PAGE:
Ending the HIV Epidemic / Ending it Together

By Terrell Parker, NMAC Associate  Program Manager

Terrell ParkerEach year, National Black HIV Awareness Day takes place on February 7 to promote HIV prevention, testing, treatment, and community involvement in black/African American communities. Around the country, advocates, community organizations, health departments, health centers, and federal partners are racing to do what was once thought as unthinkable, ending the HIV epidemic. As we work towards doing the unthinkable, one question continues fueling dialogue from the local communities to federal partners: “How do we end the epidemic in the community most burdened by the highest rates of new HIV acquisition and the community viral load; how do we end the HIV epidemic in the Black community?”

The data shows us that in 2020, Black people currently bear the heaviest burden of HIV.

  • Blacks/African Americans accounted for 43% of all HIV diagnoses in the United States in 2018.
  • In 2017, Black/African American women accounted for 60% of all new HIV infections in women in the USA.
  • The CDC estimates that  ½ Black gay and bisexual men will contract HIV within their lifetime

This year’s theme for Black HIV Awareness Day is “We’re in it Together.” We asked some of our constituents what does “We’re it together” mean to the Black community and how do we ensure that we indeed end the HIV epidemic in this community? Here are some of their responses;

“We’re in it together” means willingly working together as a beloved black community to eradicate HIV/AIDS despite cultural differences. Literally Doing it for the culture in perspective.” – Scorro “Cori” Moreland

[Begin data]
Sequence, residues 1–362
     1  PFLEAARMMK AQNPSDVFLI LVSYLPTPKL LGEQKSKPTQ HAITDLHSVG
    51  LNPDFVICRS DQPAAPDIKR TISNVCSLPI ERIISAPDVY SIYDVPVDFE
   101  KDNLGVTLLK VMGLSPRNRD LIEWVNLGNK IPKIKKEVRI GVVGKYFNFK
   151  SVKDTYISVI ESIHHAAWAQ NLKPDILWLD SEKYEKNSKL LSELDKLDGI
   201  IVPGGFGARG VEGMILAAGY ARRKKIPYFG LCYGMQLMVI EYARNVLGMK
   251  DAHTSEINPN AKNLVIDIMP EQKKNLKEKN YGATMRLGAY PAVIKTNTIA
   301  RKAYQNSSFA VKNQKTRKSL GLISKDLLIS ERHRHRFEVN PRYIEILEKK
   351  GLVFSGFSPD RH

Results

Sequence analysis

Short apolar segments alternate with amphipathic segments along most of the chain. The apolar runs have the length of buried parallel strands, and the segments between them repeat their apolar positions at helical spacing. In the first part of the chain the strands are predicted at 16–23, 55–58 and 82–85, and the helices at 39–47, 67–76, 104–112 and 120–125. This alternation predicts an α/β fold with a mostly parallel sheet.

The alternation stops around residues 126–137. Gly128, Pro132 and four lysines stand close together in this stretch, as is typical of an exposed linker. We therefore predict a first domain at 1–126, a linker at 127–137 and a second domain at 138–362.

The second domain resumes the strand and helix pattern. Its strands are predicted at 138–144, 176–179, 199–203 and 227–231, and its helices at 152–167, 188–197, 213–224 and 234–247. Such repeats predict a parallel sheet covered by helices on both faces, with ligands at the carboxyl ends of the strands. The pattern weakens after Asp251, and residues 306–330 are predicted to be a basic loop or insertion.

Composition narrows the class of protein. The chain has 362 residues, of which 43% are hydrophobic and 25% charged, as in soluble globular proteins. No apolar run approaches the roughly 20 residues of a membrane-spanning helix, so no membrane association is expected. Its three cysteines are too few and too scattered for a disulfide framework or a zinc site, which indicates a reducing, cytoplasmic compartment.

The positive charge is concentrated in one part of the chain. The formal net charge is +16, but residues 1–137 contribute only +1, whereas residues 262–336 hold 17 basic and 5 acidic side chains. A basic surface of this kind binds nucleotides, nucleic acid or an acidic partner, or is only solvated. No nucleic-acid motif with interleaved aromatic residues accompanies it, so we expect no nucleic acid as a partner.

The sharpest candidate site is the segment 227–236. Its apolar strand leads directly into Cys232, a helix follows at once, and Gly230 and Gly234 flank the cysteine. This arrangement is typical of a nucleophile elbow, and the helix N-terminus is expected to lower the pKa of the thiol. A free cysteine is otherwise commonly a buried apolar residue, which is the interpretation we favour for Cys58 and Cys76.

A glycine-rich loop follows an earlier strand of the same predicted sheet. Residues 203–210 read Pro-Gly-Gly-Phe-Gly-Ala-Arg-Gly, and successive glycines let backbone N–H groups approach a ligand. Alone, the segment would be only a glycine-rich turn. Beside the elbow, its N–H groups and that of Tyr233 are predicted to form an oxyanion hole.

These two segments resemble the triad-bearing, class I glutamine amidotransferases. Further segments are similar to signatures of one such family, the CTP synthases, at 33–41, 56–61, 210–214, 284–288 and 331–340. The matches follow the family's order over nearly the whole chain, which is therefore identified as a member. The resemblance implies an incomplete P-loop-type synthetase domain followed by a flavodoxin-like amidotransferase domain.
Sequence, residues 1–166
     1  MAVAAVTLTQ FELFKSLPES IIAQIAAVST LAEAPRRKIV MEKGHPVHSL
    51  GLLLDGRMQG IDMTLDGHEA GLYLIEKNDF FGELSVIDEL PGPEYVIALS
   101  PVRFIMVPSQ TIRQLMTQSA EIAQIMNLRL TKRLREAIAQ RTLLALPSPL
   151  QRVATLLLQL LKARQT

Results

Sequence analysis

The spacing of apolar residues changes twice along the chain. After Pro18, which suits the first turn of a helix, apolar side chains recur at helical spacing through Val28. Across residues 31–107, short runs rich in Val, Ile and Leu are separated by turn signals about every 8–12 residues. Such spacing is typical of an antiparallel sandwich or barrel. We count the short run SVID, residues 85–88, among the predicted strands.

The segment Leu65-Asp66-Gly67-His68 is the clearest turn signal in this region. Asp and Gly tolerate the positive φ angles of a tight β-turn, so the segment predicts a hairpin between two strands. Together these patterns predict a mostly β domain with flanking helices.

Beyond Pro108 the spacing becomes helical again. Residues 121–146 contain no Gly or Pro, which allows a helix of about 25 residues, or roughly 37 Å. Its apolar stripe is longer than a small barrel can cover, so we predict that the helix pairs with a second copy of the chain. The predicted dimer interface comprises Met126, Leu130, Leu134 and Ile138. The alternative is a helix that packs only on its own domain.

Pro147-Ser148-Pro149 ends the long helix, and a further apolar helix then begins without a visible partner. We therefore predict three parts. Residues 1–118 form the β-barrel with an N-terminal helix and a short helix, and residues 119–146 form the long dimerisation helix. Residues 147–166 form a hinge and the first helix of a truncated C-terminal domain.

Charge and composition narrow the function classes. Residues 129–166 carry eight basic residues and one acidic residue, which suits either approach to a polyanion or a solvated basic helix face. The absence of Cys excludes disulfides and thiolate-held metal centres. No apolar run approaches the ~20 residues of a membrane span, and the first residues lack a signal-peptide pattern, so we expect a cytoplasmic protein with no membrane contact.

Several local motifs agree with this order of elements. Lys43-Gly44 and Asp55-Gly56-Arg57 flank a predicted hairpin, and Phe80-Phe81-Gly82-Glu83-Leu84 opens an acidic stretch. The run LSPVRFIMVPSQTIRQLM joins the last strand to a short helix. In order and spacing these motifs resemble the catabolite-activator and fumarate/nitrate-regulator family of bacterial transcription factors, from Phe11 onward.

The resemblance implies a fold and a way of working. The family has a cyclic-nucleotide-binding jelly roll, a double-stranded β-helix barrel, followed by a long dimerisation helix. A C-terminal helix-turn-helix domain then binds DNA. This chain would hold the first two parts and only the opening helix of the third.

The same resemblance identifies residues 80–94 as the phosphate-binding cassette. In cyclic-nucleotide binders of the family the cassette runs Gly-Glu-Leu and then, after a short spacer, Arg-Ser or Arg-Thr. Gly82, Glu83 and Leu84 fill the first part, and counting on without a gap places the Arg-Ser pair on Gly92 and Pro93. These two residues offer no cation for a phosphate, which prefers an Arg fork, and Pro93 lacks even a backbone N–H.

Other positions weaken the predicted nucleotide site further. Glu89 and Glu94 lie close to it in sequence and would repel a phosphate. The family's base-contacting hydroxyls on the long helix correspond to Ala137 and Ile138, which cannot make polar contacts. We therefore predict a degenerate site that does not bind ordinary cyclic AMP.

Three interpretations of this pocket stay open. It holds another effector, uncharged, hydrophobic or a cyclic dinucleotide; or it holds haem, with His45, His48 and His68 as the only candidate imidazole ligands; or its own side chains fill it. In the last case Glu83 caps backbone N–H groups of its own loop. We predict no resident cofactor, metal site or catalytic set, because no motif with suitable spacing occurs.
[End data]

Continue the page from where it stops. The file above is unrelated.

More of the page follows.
“We’re in it together is a mantra that each one of us is needed to end this epidemic.   Taking ownership of our health is vitally important for each of us to live our best lives. U=U is a communal way end it together.  We ensure they Black communities have access and opportunities for equitable.  Access means that resources are available.  Opportunity means that they are available to me.” – Tori Cooper, AA Constituent Advisory Panel

“We’re in it together means being on the same page as a Black community, using our voices, and working together with community organizations, health departments, and health care entities to make it happen. It means bringing the people and the resources together to end HIV.” – X Advocate

As we embark on our National Black HIV Awareness Day events and work to get individuals tested, linked to care, and linked to PrEP, it’s important to remember the theme for this year. If we are going to end the HIV Epidemic, it is important that we end it together, not in silos. This will take our systems working together, our resources working together and most importantly, our people working together.